Darling International (NYSE: DAR): The Easiest Way to Play the Worst Drought in 50 years

by Jason Jenkins

Is this drought of Biblical proportions?

Well, I doubt they’ll still be talking about this for the next two millennia – but it may get some discussion for a few decades.

Drought is referred to as the "creeping disaster." It doesn’t hit you hard and in the face like a tornado or hurricane. It wears you down, slowly but surely, over time. However, what we’re experiencing now is more hare-like than tortoise-esque…

From mid-June to mid-July, the amount of farmland lost to drought has been astounding. Over this period, the percentage of land under the category of severe drought increased from 17% to 39%. The reason? We’ve hit a perfect storm of nasty crop weather. There’s been little rain, and 2012 is scheduled to go on as the hottest year ever recorded.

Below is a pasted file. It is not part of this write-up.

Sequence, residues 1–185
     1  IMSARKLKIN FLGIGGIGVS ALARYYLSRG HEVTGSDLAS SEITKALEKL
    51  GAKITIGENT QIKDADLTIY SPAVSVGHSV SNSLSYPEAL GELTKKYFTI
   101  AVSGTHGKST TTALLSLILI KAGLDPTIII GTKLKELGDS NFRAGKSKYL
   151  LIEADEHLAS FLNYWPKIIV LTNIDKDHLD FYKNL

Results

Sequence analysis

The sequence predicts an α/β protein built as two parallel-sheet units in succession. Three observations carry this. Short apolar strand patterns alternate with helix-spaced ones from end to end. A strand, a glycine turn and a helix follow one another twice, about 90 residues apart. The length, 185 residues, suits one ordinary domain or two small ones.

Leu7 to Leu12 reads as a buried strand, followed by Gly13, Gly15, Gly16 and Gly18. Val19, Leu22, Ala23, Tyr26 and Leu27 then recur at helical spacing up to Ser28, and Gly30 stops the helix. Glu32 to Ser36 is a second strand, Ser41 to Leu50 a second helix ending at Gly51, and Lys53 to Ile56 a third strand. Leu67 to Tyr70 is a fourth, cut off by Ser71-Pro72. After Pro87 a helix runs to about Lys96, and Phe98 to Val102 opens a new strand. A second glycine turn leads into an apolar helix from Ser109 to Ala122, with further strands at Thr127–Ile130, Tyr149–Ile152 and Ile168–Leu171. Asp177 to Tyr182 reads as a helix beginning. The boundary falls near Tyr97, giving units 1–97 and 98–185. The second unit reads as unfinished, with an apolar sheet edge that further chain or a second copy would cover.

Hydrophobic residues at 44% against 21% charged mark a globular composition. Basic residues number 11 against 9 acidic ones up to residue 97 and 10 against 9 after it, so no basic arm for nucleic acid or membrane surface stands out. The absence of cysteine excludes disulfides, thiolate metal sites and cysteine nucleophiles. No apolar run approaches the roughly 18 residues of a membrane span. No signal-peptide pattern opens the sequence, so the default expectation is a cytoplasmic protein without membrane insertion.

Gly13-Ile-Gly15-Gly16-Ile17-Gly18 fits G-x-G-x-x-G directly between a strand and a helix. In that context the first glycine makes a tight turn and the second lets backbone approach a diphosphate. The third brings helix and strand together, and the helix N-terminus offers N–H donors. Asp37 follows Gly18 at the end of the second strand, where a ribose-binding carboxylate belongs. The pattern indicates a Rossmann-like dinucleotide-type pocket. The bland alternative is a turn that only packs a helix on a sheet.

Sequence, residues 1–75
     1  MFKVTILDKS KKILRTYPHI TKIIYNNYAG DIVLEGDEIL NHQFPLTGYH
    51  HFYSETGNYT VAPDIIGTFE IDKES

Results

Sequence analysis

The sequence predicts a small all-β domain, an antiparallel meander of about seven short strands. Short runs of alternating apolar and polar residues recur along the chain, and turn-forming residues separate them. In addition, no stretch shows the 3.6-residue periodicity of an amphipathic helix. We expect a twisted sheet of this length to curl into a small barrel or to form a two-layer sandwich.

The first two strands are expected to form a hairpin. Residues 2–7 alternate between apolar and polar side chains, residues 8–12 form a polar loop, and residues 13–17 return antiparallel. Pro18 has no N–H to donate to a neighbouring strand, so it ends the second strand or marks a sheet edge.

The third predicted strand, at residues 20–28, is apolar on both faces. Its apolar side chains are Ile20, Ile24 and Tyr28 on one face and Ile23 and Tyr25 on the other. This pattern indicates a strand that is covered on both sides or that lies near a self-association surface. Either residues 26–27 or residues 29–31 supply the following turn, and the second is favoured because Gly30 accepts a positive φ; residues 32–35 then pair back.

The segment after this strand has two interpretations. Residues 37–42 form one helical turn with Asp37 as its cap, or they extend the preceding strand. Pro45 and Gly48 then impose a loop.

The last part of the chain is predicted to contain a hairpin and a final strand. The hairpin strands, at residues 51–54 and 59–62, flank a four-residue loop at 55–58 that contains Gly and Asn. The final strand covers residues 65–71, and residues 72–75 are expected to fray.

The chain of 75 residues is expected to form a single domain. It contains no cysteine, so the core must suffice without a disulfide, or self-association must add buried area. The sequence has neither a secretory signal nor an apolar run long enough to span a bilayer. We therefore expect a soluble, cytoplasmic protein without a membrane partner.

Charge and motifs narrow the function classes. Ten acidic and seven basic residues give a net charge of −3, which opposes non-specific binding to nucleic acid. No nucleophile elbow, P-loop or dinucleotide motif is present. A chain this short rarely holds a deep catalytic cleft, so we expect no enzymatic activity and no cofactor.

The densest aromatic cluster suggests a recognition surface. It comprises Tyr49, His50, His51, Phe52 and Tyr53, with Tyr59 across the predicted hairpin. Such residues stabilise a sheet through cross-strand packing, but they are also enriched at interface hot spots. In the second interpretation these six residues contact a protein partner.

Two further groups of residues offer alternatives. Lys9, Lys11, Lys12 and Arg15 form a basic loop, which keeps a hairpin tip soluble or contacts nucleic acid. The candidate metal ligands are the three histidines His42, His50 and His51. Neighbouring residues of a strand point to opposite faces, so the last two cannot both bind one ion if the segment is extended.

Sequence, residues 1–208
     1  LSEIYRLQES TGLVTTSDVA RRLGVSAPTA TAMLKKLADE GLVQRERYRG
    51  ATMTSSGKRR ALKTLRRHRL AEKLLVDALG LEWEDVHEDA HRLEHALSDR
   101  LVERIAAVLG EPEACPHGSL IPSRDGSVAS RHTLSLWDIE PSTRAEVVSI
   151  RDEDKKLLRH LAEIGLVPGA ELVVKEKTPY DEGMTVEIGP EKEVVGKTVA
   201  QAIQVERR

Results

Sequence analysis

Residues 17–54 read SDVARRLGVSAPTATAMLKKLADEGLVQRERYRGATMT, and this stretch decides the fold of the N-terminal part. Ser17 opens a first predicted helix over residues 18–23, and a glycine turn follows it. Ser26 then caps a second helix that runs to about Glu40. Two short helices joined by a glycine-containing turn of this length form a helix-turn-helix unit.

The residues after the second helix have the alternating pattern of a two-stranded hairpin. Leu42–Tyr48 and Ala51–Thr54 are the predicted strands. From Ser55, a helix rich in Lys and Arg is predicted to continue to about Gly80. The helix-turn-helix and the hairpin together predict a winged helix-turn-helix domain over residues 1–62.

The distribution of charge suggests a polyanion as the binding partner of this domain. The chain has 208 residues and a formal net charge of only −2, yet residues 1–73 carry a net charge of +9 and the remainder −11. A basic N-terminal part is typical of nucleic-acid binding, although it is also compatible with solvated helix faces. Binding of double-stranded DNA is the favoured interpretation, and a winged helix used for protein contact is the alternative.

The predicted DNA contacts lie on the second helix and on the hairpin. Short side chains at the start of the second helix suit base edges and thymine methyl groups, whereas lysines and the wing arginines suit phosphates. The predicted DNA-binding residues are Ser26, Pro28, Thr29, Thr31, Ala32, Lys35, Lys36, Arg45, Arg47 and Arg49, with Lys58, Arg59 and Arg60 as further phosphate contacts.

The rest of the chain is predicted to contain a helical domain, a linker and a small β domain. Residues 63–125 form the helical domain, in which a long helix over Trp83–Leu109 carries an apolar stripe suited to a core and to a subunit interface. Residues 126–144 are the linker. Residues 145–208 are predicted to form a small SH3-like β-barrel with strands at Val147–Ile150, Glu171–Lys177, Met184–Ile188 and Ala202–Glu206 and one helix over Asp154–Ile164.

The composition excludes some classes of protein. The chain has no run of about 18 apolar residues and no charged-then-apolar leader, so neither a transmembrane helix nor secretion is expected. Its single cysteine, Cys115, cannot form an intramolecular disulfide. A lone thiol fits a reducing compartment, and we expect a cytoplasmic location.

Reports from the U.S. government state that this is the largest drought since 1956. More than half the country is experiencing somewhere between moderate to extreme drought. Before long we should all expect to see this drought hit the economy, raising the prices of everything from food to gas.

Since many investors aren’t comfortable with trading commodities or futures contracts, I’ve identified a great stock play on this below. But first, let me discuss how this drought is affecting commodity prices.

How Has This Hit Commodity Prices?

Expect commodities to enter a bull market, with grain futures leading the way. The Standard & Poor’s GSCI gauge of 24 raw materials was up last week about 1.2% to 677.29 – that’s the highest since the spring. It’s skyrocketed 21% from this year’s lowest close back on June 21.

In August alone soybeans reached a new all-time high of $17.1275 a bushel, while corn set a record at $8.49 a bushel. In June, the Department of Agriculture decreased its corn harvest forecast by 27%. It also went on to say that it estimates almost 40% of the U.S. corn crop is in bad shape.